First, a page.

“I think it’s really hard to make this type of show in a commercial context,” Llorens said. “I think the beauty of the Wallach Art Gallery as a space is that it’s really committed not just to shows that have scholarship behind them and are thoughtful in a deep way but also shows that would not be able to exist in a market that needs to sell things.”
In teaching viewers about the complexity of Algeria, artists Amina Menia, Bardi, El Meya, and Adel Bentounsi spoke about the backstory and creative process behind their works in the exhibition.
Menia, who created a series of photographs called “Chrysanthèmes” that focuses on commemoration stelae in Algeria, discussed the idea of public art and memory in a recently decolonized country lacking in democracy.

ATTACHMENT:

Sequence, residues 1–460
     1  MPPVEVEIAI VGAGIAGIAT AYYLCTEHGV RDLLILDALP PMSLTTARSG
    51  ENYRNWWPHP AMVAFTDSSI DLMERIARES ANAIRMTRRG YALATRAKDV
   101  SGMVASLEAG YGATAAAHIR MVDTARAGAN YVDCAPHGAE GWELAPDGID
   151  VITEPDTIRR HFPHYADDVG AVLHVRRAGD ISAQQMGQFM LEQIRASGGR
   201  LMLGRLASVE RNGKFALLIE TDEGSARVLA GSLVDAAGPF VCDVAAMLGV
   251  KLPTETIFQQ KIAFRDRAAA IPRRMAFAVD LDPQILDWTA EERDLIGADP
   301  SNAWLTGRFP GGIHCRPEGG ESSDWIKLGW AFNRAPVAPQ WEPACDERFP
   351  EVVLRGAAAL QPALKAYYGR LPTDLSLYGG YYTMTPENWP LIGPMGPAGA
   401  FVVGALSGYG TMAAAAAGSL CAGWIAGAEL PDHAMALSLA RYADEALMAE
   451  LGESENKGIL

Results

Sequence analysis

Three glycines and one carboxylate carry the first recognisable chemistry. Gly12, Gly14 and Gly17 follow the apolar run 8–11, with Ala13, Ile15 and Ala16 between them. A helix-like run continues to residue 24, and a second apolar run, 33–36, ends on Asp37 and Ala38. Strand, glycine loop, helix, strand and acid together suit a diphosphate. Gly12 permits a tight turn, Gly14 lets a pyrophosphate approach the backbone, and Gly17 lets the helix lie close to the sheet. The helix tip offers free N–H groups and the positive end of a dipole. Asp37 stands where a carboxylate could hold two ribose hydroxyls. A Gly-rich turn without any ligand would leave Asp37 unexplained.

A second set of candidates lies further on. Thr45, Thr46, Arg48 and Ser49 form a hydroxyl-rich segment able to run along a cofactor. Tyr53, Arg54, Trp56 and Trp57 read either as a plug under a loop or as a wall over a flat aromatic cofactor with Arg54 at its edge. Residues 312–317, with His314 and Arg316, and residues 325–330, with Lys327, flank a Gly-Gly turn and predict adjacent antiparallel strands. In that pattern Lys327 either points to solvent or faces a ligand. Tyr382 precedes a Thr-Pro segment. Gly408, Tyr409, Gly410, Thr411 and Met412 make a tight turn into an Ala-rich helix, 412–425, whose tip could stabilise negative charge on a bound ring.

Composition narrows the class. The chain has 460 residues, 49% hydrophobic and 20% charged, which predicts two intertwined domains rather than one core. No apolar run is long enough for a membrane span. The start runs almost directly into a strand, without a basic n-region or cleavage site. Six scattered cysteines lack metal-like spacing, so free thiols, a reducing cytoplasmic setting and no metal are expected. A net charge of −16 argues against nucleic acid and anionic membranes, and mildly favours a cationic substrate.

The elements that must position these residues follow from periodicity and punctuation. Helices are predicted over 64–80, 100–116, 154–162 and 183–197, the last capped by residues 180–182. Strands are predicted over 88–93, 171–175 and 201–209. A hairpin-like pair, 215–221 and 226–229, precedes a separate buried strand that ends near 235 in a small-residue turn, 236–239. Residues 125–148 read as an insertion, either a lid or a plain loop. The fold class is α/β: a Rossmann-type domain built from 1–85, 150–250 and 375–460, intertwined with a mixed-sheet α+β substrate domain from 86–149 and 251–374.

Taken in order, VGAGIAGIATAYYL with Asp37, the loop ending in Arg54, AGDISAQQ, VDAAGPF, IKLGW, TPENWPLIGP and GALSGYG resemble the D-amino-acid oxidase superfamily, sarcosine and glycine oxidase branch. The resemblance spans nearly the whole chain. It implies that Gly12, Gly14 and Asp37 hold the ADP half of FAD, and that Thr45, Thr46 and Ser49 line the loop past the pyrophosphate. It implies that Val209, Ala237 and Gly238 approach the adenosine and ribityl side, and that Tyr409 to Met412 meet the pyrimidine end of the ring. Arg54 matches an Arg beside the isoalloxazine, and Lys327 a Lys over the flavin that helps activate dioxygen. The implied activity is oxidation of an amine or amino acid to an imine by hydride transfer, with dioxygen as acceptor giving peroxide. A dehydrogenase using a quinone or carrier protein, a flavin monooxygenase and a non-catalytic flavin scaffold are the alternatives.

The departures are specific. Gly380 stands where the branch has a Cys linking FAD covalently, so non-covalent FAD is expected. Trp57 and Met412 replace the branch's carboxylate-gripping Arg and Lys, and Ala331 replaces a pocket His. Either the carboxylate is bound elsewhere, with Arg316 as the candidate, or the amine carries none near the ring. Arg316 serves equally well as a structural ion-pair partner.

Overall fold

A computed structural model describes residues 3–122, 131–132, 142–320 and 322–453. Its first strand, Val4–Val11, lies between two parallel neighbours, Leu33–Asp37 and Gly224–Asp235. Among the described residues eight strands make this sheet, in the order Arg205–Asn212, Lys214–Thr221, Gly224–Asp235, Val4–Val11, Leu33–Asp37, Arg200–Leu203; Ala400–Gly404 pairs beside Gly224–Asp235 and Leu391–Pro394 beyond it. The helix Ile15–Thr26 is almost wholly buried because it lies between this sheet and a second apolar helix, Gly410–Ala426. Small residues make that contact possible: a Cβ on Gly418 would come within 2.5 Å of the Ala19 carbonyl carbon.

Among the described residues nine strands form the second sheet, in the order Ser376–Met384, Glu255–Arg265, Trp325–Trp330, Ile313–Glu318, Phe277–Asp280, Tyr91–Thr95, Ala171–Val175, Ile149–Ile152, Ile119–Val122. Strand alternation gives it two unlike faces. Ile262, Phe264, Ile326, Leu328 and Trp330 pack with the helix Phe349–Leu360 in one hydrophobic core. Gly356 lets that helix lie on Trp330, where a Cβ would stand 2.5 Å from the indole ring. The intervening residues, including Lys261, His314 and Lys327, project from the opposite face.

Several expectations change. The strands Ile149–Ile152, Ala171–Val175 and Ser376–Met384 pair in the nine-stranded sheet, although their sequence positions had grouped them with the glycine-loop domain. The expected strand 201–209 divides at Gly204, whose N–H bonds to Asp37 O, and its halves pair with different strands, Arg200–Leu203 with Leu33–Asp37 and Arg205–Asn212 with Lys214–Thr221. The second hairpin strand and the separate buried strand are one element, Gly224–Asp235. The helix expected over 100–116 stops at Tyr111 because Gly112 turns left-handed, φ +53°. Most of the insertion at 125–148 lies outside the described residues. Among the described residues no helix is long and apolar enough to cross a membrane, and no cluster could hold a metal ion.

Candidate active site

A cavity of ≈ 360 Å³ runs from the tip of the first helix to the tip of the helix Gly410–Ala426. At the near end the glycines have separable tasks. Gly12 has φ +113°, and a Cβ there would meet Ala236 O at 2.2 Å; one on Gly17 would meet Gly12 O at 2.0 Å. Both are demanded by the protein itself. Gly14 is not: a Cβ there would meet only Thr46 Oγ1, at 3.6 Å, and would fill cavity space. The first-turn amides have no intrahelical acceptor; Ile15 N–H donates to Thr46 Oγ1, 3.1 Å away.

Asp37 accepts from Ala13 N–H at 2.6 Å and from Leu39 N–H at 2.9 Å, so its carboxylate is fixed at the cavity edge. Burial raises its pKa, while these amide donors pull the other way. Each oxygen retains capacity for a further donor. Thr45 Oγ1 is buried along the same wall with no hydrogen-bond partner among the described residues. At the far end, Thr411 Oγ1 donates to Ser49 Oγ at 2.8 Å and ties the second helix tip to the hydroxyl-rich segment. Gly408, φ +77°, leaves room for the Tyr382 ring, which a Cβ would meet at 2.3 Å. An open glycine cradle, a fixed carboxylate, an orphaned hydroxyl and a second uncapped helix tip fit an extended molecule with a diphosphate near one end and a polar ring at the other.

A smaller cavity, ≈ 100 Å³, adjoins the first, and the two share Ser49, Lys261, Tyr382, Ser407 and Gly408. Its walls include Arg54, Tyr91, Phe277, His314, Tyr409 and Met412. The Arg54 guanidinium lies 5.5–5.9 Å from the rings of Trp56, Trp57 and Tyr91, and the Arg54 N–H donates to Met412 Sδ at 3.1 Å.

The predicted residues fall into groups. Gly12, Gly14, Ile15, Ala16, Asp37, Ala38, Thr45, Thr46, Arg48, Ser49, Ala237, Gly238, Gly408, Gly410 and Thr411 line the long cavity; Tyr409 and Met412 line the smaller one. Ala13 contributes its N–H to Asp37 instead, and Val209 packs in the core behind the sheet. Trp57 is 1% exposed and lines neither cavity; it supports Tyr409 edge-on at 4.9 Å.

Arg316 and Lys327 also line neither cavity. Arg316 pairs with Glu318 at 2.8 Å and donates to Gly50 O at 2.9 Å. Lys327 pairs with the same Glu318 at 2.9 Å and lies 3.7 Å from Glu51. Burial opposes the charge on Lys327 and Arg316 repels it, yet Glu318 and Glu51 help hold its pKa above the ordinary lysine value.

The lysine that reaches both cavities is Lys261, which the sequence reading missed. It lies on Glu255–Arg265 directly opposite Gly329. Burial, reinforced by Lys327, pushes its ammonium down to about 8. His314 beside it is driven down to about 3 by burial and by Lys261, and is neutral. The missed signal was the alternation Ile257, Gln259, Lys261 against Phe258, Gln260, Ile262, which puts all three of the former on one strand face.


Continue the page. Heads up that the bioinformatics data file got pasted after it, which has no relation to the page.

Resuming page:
“In the work, I was showing that the behavior of people with those kind of objects in the city tells us a lot about self-consciousness and the community that doesn’t belong to something that is there,” Menia said. “It reflects the lack of freedom—public spaces are not really free.”
Bardi, who created a diptych called “El Fajr” depicting Bilal ibn Rabah—the first muezzin, meaning the first Muslim to call fellow believers to prayer from a mosque—discussed the symbolism behind features within his paintings that he struggled to depict due to Islamic artistic regulations.
El Meya discussed the significance of water, openness, and accessibility in her painting “Les Èves,” which allegorically depicts seven women engrossed in their own struggles.